Publish with MDP

Master Design Publishing (MDP) is a hybrid publishing company. Unlike self-publishing companies that publish any and all submissions, we only publish manuscripts that our extensive professional experience indicates are ready for the accelerated publishing service we provide. All of our books are editorially curated, professionally designed, and masterfully marketed. We consider manuscripts that are of high caliber writing by authors seeking to publish.

Our close communication throughout the process, as well as our complete approach is what sets us apart. With over 100 years of combined experience in editing, publishing, and marketing, why trust anyone else?

We consider the following types of Christian books: apologetics, Bible studies, Church renewal, devotional books, discipleship, doctrinal, exegesis, homiletics, leadership, missionary, pastor’s helps, prayer, reference, scholarly, sermons, spiritual warfare, and theology. Please be advised that the following genres will not be considered: Science fiction, Satire, Drama, Action and Adventure, Romance, Erotica, Mystery, Horror, Guide, Travel, Children’s, Science, History, Math, Anthology, Poetry, Encyclopedias, Dictionaries, Comics, Art, Cookbooks, Diaries, Journals, and Autobiographies. We are not against these genres of books, but they do not fit within our publishing parameters. Consider our publishing partners: Henry Lyon Books or Learn and Color Books

To submit by email to, please include in the body of your email (not as attachments) the following.

What to include in your submission:

  • A formal query letter
  • A 1-3 page synopsis
  • The first 25 pages

You MUST follow these guidelines. Manuscripts not following these guidelines will be rejected.
You may be asked to submit a full manuscript.

After your book has been accepted, please adhere to the following procedures:

Checking Your Manuscript

Before submitting your book, please carefully proofread for spelling errors. Headings must consistently be capitalized, references must be formatted consistently from chapter to chapter, and treatment of like elements must be consistent throughout your book.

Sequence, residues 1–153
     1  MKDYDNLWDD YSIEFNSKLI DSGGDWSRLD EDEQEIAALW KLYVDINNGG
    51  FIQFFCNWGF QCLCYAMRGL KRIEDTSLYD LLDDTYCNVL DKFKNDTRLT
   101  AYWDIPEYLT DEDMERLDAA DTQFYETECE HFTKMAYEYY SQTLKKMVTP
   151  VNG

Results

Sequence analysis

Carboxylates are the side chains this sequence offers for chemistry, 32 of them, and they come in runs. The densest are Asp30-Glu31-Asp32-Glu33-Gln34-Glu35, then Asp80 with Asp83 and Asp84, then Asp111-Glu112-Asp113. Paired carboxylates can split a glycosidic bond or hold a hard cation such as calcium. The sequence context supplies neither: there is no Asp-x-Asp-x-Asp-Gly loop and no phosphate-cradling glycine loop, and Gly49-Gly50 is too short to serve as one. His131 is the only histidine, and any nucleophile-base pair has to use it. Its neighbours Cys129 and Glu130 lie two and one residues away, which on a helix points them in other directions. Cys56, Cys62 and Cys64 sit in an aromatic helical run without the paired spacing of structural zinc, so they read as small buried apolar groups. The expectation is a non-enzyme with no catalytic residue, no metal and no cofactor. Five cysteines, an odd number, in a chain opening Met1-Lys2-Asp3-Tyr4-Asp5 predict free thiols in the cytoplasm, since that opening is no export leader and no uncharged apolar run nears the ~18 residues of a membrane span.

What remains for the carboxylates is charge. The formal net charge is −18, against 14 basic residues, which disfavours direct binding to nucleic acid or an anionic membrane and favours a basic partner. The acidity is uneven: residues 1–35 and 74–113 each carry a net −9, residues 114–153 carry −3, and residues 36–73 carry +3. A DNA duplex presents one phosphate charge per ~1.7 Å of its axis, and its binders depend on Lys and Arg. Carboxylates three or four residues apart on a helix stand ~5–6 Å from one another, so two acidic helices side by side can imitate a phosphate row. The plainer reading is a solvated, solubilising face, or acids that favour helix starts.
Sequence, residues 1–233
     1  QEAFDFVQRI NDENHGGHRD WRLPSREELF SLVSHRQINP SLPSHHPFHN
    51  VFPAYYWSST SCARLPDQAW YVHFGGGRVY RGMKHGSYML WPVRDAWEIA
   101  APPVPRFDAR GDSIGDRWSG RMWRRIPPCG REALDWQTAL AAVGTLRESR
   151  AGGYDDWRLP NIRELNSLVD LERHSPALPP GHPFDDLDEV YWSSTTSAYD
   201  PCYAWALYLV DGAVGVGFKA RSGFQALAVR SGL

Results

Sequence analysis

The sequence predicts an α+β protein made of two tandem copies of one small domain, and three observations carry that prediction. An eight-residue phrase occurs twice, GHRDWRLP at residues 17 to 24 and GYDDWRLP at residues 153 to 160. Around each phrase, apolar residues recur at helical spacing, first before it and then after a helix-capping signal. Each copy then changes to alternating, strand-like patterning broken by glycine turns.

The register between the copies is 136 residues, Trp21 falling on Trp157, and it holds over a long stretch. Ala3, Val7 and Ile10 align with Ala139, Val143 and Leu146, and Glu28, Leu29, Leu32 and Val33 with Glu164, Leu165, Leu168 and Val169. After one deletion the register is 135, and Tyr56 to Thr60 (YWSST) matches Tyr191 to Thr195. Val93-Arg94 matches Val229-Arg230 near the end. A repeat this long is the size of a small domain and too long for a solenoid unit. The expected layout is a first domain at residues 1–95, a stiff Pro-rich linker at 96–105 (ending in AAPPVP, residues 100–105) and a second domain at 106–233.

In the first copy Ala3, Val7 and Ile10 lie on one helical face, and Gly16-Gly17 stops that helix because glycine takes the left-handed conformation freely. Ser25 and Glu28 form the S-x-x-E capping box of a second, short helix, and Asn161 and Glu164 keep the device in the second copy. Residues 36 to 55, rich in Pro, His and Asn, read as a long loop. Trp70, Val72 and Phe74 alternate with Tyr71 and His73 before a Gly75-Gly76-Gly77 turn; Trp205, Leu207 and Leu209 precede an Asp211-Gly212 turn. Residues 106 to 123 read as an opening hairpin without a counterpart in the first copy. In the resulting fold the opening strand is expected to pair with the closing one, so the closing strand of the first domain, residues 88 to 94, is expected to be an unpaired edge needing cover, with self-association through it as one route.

Any lengthy additions should be incorporated into the book prior to submission. Please also submit an electronic copy through the internet or on an Windows or Macintosh-compatible disk. An exact hard copy must accompany online versions.

Illustrations & Photographs

All illustrations, photographs, and so on, should be submitted in Photoshop format, or at least as a jpg, tiff, or ai format. Please don’t embed your graphics in the word-processing program. If electronic submission is impossible, please provide all illustrations in duplicate in a form suitable for reproduction, preferably of such a size that the same degree of reduction (for example, seventy-five percent of the original size) can be applied to all of them. Illustrations should not exceed 8- 1/2 x 11 inches.

Illustrations reprinted from other publications must be credited. It is the author’s responsibility to obtain permission to reprint such illustrations.

Identification, Names, & Addresses

Include your (and your coauthor’s) full name(s) (for publication) and the complete address of the author to whom proofs and correspondence are to be sent.

Organizing Your Book

Front Matter

Abstract – Include a concise one-paragraph abstract of no more than 500 words describing the general thesis and conclusion of the book.

Title Page – The title page should include the suggested title of the book and the names of the authors or editors. (In the case of collected works, only the names of the editors usually appear.)